Liked by 2 people

    3. Reference your comment: “It’s part of the job of our FM to appoint the LA in terms of the Scotland Act. All her predecessors have done the same.”

      All her predecessors… except for Alex Salmond, the First Minister in 2007. He didn’t appoint any Lord Advocate. The Lord Advocate (Mrs Elish Angiolini) appointed in 2006 by Scottish Labour’s First Minister, Jack McConnell, remained in post until 2011 followed by the internal promotion of Frank Mulholland to LA (stepping up from his previous post of Solicitor General).


  4. And to add to the list of political prosecutions, here is an outline of yet another in the same mould, using once again the same tactics (taking so-called ‘offence’ from a social media post). And once again being silenced from scrutiny with the much abused ‘anonymity’ ruse:

    This is the one Craig Murray said he couldn’t discuss, because of his invidious position.
    Of course, the mainstream Scottish media will once again have no interest in freedom of speech or the political suppression of what we must now call dissidents.

    Liked by 1 person

  5. This rogue First Minister and her odious lieutenants are slowly but steadily eroding our rights slice by slice. So that the Scottish people remain oblivious of what’s happening. Which they wouldn’t if we still had a free press.

    It’s not only our freedoms that are disappearing. The nationalist cause will be ruined if the SNP leadership remain its nominal main representatives. All this suits London just fine.

    It doesn’t matter how few Alba votes there were. It was imperative that a real and democratic nationalist party was formed to carry the spirit of the salutary and pre-Sturgeon SNP.

    Liked by 1 person

  6. Call me naive Rob but is there no way such a blog can find its way into more mainstream media? Your article above is tailor-made for the Spectator.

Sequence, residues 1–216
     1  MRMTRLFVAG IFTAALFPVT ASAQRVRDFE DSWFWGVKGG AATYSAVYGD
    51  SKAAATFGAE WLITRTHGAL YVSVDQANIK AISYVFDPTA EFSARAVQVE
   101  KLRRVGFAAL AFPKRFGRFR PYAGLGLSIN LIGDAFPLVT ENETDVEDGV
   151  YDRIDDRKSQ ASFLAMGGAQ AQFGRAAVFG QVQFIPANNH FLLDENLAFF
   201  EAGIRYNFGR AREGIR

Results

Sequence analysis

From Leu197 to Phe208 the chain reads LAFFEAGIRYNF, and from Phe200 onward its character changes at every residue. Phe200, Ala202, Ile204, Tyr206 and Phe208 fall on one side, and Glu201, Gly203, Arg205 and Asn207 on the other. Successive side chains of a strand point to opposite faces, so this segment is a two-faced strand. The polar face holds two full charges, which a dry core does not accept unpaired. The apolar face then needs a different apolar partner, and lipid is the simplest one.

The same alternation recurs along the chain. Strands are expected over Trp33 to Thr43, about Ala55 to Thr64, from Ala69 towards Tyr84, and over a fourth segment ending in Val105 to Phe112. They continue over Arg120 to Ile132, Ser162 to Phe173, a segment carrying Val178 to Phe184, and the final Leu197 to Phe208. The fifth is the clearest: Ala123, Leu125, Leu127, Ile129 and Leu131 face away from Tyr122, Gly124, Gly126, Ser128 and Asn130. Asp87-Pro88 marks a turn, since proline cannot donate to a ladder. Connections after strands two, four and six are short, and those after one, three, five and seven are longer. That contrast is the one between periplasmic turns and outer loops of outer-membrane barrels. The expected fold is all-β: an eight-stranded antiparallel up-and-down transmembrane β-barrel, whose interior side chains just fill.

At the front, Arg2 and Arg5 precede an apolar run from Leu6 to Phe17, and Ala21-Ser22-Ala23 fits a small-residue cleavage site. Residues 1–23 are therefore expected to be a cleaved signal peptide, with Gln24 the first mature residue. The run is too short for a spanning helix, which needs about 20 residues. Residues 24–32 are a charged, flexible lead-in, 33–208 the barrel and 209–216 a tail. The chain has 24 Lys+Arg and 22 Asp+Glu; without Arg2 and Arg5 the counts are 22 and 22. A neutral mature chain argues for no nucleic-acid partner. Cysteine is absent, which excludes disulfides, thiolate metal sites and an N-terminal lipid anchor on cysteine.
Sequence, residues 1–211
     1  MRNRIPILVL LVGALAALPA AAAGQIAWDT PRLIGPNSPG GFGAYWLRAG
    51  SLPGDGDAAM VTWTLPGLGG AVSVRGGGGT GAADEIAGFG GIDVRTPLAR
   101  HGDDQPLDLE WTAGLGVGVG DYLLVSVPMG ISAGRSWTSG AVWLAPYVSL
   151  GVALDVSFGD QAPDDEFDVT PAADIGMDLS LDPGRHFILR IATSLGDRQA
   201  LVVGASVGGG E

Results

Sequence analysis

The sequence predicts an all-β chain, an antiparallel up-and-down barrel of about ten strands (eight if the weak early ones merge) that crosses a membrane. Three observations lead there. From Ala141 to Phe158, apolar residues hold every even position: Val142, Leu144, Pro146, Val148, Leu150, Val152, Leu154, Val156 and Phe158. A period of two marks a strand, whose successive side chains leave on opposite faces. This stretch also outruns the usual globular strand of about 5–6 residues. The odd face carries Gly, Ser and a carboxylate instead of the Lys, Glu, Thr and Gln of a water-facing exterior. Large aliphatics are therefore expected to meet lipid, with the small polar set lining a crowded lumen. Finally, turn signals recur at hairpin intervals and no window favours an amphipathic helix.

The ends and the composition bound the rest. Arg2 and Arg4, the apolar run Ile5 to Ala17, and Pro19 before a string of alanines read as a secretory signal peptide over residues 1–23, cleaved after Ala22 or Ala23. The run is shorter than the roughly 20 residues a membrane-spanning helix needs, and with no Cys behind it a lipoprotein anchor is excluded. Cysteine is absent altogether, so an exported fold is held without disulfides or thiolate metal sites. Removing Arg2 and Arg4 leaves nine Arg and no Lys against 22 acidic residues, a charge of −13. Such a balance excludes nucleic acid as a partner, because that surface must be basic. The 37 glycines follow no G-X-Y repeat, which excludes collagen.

7. Good stuff Rob keep it up ,Scotland is rapidly sliding towards a police state. In addition to the cases you outline and Dave Llewellin’s case cited by Maceasy there are other dangerous trends for example did you know jury trials have recently been abolished in libel and defamation cases by the Scottish government so Tommy Sheridan couldn’t have successfully sued the News of the World today and you could be sure the presiding judge Lord Turnbull wouldn’t have awarded him his record damages as did the jury since he was so mad about the verdict he ordered perjury inquiries into Tommy which led to him being sentenced to 3 years imprisonment. This perjury case arising from a civil case was unique in Scottish legal history as Professor Alister Bonnington then legal advisor to the BBC said “ I can only presume that there are people in high places who want to see Mr Sheridan in prison. “! Incidentally the police used 22 officers over 2 years and at a cost of over 2 million pounds to put Tommy in prison very similar numbers to those used in Alex Salmond’s case. ( as we know there were people in high places like Peter Murrell who wanted to see him in jail!) Alex was saved by a jury of 9 women and 6 men but of course his reputation was destroyed by the biased coverage of the mainstream media, none of whom are of course being prosecuted unlike Craig Murray or Mark Hirst.